Make it work…

training primary care NHS make it work

The has an interesting piece by Professor of healthcare and workforce modelling, Alison Leary.

To paraphrase; there’s nothing new in a workforce crisis, supply-side solutions are unlikely to work and;

‘… we need the courage to let go of activity as the primary measure of success in health, and instead consider outcomes for patients and workers when we think about workforce planning.’

Alas, Prof Alison stops short at the ‘what’.

Therein the problem for us all, ‘how’.

Everything we’re; doing, planning, expecting, regulating and demanding is predicated on the basis… we have sufficient staff. We don’t and won’t, ever.

That ship has sailed. We are in uncharted waters. There is a local, regional, national, EU and global shortage of health workers.

We can play pass the parcel… recruiting from here, pinching from there… up-skill, and as Alison says; ’employ reductionist approaches to the division of labour… and measure productivity by the number of tasks…’

… but when the music stops… the painful truth… there ain’t enough people.

The Long-Term-Plan ducked ‘workforce’ and sailed into the future assuming, somehow their boat will safe-harbour, at a place of fully trained, lovely people.

Bonkers. We need to figure out how we can catch up, where it’s feasible and how to do things entirely differently, where it’s not.

We’ve all been impatient for it… in fact it has only taken about three months to pull together the newly published, Interim People Plan. Does it have the answers?

Well, there is no magic wand and we have to become a lot better at ‘the people thing’ and much better at opening our minds to ‘changing things’.

The IPP is disarmingly frank about the state of the workforce;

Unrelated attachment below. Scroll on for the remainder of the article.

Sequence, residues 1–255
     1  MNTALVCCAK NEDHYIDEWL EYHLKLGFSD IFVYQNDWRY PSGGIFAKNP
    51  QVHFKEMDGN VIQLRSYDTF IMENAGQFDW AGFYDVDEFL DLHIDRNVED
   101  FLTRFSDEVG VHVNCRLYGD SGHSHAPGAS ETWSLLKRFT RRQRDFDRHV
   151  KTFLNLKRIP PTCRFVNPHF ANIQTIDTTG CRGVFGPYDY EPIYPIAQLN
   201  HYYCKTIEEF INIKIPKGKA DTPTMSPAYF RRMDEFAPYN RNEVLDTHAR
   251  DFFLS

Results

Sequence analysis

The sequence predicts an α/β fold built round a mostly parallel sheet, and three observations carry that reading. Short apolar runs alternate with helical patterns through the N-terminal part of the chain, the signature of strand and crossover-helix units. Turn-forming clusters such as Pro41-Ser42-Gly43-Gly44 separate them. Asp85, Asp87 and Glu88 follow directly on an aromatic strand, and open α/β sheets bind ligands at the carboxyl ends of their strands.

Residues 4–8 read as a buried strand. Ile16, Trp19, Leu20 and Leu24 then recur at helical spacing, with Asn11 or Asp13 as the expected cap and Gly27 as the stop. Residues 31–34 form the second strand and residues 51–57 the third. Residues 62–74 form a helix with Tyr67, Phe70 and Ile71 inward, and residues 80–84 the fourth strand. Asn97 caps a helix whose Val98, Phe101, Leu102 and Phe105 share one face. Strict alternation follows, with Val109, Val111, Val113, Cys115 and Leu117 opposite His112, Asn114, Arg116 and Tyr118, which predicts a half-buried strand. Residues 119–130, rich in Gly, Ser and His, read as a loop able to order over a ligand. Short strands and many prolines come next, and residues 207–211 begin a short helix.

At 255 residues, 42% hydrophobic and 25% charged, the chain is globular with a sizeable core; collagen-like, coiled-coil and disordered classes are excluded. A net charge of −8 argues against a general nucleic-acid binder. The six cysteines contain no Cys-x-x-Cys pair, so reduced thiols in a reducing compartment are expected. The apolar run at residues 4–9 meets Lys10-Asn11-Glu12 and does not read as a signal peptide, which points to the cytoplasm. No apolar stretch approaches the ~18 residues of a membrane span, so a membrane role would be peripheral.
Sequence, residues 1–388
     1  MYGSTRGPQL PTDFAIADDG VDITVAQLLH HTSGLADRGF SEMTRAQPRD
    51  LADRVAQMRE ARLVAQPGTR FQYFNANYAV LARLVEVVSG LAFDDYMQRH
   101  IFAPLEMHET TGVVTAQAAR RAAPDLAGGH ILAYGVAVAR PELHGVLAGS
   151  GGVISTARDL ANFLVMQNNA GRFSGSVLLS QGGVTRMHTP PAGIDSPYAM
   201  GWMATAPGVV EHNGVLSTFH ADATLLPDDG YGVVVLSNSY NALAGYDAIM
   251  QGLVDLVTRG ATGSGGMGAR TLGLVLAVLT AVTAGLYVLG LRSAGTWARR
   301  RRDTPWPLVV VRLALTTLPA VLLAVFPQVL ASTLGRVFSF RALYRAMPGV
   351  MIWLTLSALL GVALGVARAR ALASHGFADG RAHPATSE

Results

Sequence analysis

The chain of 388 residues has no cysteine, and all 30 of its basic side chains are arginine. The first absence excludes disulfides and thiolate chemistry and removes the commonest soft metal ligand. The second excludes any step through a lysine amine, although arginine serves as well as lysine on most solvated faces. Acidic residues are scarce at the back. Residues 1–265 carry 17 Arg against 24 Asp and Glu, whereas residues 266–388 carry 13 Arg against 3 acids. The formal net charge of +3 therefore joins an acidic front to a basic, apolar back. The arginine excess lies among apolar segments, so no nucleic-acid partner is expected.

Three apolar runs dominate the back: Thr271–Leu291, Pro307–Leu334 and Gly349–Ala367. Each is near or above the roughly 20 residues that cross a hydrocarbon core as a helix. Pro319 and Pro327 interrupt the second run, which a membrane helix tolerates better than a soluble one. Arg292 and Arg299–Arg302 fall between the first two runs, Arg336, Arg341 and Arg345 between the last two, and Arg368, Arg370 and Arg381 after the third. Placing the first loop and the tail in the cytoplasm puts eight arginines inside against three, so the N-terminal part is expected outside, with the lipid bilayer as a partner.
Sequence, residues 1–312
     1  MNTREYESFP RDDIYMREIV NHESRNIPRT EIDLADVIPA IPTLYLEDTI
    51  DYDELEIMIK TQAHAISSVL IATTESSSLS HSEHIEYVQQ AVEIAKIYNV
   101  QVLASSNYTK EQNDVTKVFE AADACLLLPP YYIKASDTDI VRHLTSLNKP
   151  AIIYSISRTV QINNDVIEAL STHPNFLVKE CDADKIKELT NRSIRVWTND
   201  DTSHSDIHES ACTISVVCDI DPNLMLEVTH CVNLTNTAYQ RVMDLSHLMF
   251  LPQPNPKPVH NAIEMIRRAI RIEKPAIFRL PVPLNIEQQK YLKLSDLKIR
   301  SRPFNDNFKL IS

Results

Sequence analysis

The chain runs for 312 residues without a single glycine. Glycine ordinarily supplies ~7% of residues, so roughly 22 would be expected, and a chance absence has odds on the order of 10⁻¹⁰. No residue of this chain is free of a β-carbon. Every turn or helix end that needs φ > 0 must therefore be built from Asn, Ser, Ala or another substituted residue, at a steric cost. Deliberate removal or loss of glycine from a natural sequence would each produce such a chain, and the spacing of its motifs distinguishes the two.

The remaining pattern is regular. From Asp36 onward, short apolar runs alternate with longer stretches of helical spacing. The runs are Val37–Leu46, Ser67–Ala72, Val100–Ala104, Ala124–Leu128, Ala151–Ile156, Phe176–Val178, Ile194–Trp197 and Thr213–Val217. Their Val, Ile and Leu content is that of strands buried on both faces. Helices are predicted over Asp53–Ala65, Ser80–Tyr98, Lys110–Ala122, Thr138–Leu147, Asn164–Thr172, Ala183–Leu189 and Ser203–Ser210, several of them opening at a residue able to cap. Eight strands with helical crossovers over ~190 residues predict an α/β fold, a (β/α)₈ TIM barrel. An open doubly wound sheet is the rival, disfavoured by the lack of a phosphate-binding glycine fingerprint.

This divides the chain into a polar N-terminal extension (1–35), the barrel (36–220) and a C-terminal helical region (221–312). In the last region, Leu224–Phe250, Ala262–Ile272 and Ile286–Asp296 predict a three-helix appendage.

‘… there are around 40,000 reported vacancies in substantive nursing posts (… around 80% of these shifts currently covered by bank and agency staff), and … further pressures in primary care.’

I’m guessing, the assumption is, the Autumn Statement will fund the costs associated with the Plan’s roll-out.

If Tory leadership shenanigans create a shake up in leadership and Treasury thinking… all bets are off.

The Plan takes a wide sweep at the issues and comes at the problems in three layers;

• Stuff we have to do now,

• Stuff we have to be getting on with and…

• Stuff that prepares us for the full People Plan, later in the year.

The medical workforce and allied healthcare professions and even volunteers and carers are all in the spotlight.

Even Mum’s Net is being roped-in to help recruit return-to-nursing.

However, nursing shortages occupy centre stage, (Page 20). The complexity of Uni places (graph on page 24), placements (5,000 more by September), synchronisation, acceptance rates and funding.

Top of the ‘stuff-to-do-now’ list is retention. Here is the problem, encapsulated in a single Tweet yesterday, from nurse Charlotte Flannery;

‘I asked if I could drop back 2 bands to work, anything, apart from term-time, Mon-Thurs lates, although school holidays are ok, but was told no, as everybody wants to work that. Instead, I’m doing bank for more money on the same ward! It’s crazy.’

Can the Plan fix this bone-headed crazy?

The Plan doesn’t hide from the issues but they are complicated and so are the solutions.

Over 20 things to deliver this year, more than 30 by 2020, many devolved to organisations already working at full-stretch, many distracted and overburdened by regulation.

Supported by an organisation, itself, in the turmoil of reorganisation.

Major responsibilities are devolved to STPs, on their way out and ICSs, on their way in… it’s a risk.

Workforce is a self inflicted problem; poor decisions and poor organisations making them. We have become a poor employer and alas, suffer from poor leadership. Page 12;

‘A… survey of board papers … reveals a limited focus on people issues’ .

DiDo will need a big in-tray.

My advice; get clarity, sweep away the confusion of HEE, get some NHSI/E regional frameworks up and running pronto, go prospecting for best practice like you’re looking for gold-dust but share it like confetti.

Do the quick-wins, show you mean it. Get the boiler room going on the structural changes, encourage innovation, accept failure, ask for help, celebrate success.

My experience has been; the NHS is what happens whilst you are making plans.

That’s code for; we’ve got a plan, there’s more than enough to go on, let’s get on… make it work.

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Reproduced at by kind permission of Roy Lilley.